On February 13, 1989, the Bank Board declared MWF insolvent after finding that its obligations to its creditors (including savings account holders) exceeded its assets. Accordingly, the Bank Board, acting pursuant to its statutory authority under 12 U.S.C. § 1464(d) (6) (A) (i) (1988), named FSLIC as conservator of MWF. FSLIC attempted to operate MWF as a going concern. On March 10, 1989, Northwest again informed MWF by letter that it had concluded that the sale of the Securities had "involved the misrepresentation of material facts and willful failure to disclose material facts ... pertaining to the financial condition of [MWF]." J.A. 201. This time, however, rather than assert its contractual remedies as it did in the January 25 letter, Northwest tendered the Securities in rescission and declared an immediate setoff of the amount due against the balance of the two promissory notes held by MWF.

Northwest formalized its allegations of fraud by filing the complaint giving rise to this action in April 1989. The complaint, as later amended, alleged that MWF's material misrepresentations and nondisclosures at the time of the transaction violated state and federal securities laws.9  Northwest asked the court to declare the Securities and the Agreement rescinded. It further sought a declaration that the rescission elevated the Securities obligation to general creditor status. According to Northwest, the elevation of the Securities to general creditor status meant that the debt possessed a mutuality of obligation with the two promissory notes, entitling it to set off the Securities against the notes.

On May 4, 1989, the Bank Board, noting that MWF's liabilities continued to exceed its assets, concluded that MWF could not be operated as a going concern. Acting under statutory authority, 12 U.S.C. § 1464(d) (6) (A) (1988); 12 C.F.R. Sec. 547 (1988), the Bank Board appointed FSLIC as receiver for the purpose of liquidating MWF. Accordingly, FSLIC, by operation of law, took possession of MWF and succeeded to all of MWF's rights, titles, powers, and privileges. See 12 U.S.C. §§ 1464(d), 1729 (1988). In addition, the Bank Board determined that the total liquidation of MWF would not generate sufficient funds to satisfy the claims of MWF's general creditors, thus, it formally declared all subordinated debt and equity interests in MWF to be worthless.10 

The Bank Board also contemporaneously created a new savings and loan association, Midwest Savings Association (Midwest Savings), to facilitate the liquidation of MWF and the reorganization of its assets. The Bank Board immediately placed Midwest Savings under FSLIC conservatorship. It further directed FSLIC to enter into a purchase and assumption agreement with Midwest Savings, transferring most of MWF's assets to Midwest Savings in consideration for Midwest Savings' assumption of certain MWF liabilities.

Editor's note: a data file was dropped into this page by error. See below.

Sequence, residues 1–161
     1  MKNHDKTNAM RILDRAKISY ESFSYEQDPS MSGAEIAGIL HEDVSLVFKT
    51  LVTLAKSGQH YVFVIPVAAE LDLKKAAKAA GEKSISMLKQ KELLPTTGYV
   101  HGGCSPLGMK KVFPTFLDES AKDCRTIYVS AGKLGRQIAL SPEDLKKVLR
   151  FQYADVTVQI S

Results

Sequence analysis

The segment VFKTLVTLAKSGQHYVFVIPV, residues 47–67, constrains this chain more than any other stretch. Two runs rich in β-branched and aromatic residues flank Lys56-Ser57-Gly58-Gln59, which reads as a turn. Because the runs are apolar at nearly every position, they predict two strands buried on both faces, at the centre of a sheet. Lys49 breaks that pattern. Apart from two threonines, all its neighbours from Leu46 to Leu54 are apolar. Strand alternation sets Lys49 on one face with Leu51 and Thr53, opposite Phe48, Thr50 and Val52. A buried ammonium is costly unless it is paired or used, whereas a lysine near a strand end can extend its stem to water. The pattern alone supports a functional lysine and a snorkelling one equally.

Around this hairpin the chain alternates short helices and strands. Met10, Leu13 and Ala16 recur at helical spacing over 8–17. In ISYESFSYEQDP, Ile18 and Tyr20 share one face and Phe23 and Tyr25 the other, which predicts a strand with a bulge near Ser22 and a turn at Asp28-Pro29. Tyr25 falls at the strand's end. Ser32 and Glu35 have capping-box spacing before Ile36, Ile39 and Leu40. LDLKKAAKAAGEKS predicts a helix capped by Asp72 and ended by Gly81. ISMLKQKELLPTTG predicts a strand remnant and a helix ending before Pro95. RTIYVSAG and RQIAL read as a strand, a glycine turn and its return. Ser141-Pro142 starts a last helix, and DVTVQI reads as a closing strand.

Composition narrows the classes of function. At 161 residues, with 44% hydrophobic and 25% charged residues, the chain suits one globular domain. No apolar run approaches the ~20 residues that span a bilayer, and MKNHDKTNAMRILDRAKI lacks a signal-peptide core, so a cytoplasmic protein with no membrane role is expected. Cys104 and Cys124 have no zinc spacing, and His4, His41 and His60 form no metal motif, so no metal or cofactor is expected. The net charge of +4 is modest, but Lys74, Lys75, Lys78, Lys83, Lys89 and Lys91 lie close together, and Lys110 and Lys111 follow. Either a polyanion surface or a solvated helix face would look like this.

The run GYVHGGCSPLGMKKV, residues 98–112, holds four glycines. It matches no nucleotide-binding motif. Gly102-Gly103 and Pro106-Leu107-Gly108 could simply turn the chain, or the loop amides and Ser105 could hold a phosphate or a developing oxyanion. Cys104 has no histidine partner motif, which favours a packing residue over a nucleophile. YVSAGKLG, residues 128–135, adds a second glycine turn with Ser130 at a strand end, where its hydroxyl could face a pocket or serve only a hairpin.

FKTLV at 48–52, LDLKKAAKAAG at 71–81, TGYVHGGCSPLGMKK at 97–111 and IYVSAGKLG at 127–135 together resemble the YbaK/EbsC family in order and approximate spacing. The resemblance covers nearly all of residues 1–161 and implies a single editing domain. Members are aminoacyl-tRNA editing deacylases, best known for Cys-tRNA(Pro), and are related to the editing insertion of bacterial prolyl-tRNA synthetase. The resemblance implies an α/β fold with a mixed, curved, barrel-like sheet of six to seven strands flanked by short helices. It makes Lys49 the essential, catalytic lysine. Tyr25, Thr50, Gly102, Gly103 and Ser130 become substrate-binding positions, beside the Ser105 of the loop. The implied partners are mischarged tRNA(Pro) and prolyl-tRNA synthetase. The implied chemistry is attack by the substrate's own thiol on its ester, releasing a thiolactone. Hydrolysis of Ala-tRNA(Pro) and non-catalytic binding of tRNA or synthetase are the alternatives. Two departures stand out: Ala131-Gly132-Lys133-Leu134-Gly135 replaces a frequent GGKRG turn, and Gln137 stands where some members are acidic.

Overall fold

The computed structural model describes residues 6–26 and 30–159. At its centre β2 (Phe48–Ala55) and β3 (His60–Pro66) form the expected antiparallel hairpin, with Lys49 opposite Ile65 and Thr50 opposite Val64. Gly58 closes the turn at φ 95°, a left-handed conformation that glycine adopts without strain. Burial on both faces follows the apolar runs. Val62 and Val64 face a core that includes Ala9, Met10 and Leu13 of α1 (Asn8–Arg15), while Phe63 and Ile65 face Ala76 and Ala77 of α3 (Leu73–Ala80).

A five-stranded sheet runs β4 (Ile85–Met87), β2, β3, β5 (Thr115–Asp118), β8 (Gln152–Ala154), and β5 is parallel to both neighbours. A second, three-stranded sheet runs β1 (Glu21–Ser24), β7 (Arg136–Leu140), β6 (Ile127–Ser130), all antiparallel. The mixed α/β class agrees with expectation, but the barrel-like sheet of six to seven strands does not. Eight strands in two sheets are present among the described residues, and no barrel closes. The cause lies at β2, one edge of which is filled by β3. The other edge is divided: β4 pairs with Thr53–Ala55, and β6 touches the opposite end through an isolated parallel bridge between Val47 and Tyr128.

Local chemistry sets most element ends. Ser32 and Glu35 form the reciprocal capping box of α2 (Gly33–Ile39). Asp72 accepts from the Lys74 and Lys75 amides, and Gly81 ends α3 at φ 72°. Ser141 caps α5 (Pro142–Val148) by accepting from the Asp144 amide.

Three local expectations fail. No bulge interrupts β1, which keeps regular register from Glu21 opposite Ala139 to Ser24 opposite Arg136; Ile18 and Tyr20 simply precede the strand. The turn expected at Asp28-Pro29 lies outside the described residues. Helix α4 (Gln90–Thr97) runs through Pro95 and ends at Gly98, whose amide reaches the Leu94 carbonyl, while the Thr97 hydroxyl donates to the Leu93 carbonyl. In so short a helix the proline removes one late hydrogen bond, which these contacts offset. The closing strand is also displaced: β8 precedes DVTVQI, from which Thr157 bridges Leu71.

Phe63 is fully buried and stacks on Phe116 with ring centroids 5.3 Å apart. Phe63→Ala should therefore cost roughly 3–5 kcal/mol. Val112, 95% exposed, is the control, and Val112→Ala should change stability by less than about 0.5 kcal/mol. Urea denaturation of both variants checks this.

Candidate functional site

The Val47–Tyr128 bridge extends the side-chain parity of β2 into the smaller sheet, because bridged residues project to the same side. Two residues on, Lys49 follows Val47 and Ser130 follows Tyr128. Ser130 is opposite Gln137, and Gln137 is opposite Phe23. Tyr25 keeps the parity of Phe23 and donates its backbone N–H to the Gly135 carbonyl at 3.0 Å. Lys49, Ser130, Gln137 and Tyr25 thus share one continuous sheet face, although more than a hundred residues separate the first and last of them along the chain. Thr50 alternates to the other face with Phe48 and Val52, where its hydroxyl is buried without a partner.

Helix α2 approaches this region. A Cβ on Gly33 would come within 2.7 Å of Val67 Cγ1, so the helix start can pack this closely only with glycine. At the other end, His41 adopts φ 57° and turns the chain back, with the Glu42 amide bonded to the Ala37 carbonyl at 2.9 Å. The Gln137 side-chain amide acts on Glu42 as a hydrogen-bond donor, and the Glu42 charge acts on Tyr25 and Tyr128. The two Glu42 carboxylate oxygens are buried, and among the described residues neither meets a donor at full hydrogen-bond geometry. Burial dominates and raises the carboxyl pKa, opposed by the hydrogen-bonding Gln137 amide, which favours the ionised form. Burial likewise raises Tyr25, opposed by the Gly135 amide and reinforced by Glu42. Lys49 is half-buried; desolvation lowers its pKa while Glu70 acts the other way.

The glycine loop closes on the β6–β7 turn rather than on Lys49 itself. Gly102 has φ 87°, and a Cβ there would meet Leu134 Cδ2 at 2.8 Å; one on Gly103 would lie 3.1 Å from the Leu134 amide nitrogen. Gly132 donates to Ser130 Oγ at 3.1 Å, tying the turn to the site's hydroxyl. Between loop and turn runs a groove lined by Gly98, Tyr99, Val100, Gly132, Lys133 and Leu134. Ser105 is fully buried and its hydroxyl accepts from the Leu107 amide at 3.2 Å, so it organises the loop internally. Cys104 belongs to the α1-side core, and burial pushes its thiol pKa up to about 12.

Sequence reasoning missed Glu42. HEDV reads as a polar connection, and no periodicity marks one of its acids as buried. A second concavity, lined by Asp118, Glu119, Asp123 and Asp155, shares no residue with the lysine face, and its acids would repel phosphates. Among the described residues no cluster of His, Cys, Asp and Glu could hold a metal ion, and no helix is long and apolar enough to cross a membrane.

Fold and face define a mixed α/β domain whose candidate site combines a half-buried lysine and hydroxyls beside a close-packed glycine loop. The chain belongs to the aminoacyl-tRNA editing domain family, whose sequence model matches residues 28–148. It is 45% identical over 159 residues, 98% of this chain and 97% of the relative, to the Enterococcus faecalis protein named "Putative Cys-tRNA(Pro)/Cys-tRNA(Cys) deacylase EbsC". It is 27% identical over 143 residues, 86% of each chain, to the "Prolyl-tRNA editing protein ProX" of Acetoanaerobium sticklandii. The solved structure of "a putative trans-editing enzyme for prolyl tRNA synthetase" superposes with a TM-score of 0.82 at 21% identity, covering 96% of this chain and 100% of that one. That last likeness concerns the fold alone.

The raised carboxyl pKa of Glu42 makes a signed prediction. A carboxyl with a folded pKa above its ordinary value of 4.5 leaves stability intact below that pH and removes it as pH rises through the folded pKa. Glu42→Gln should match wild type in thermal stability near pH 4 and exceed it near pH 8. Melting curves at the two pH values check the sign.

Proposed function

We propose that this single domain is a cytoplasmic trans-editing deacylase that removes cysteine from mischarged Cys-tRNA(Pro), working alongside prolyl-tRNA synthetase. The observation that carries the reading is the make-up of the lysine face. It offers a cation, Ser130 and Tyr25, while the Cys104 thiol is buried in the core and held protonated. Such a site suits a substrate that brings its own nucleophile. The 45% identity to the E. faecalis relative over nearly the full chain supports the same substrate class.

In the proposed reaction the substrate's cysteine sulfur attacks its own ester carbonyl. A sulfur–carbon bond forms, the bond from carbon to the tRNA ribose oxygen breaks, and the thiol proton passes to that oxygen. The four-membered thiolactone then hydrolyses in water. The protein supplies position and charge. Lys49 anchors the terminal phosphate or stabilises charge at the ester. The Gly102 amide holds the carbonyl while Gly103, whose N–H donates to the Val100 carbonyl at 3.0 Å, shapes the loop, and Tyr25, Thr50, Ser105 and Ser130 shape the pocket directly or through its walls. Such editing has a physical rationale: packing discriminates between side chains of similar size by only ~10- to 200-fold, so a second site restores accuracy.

Under the purchase and assumption agreement, Midwest Savings did not assume any MWF equity liabilities or obligations, including the subordinated debt securities at issue here. As a result of this transaction, the obligations arising from the Securities remained with FSLIC, as receiver for MWF, while Midwest Savings assumed possession of the promissory notes against which Northwest sought to exercise its claimed right of setoff. Northwest accordingly amended its complaint to include Midwest Savings as a defendant and requested that the court preliminarily enjoin Midwest Savings from further selling or transferring the notes which Northwest sought to set off.

FSLIC filed a Fed. R. Civ. P. 12(b) (6) motion to dismiss for failure to state a claim. The district court, finding that the disposition of the motion turned on matters outside the pleadings, treated it as a motion for summary judgment and ruled in favor of FSLIC. The district court adopted the analysis of the Second Circuit in In re Weis Securities, Inc., 605 F.2d 590 (2d Cir. 1978), cert. denied, 439 U.S. 1128, 99 S. Ct. 1045, 59 L. Ed. 2d 89 (1979), and held, as a matter of law, that because MWF had applied the funds from the sale of the Securities to its regulatory capital accounts, Northwest was precluded from rescinding the Securities after the Bank Board had declared MWF insolvent. The Securities, therefore, remained subordinated, and thus lacked the requisite mutuality of obligation necessary to set them off against the two promissory notes.11  Northwest filed this appeal in which it renews the arguments it presented before the district court.12 

We review a grant of summary judgment under the same standard applied by the district court. McCuen v. Polk County, Iowa, 893 F.2d 172, 173 (8th Cir. 1989). Thus, we review the facts de novo, Didier v. J.C. Penney Co., 868 F.2d 276 (8th Cir. 1989), and affirm the district court only if we agree that "there is no genuine issue of material fact, viewing the facts in the light most favorable to the non-moving party, and that the moving party is entitled to judgment as a matter of law." McCuen, 893 F.2d at 173 (citing Kegel v. Runnels, 793 F.2d 924, 926 (8th Cir. 1986)); see Anderson v. Liberty Lobby, Inc., 477 U.S. 242, 247-48, 106 S. Ct. 2505, 2509-10, 91 L. Ed. 2d 202 (1986).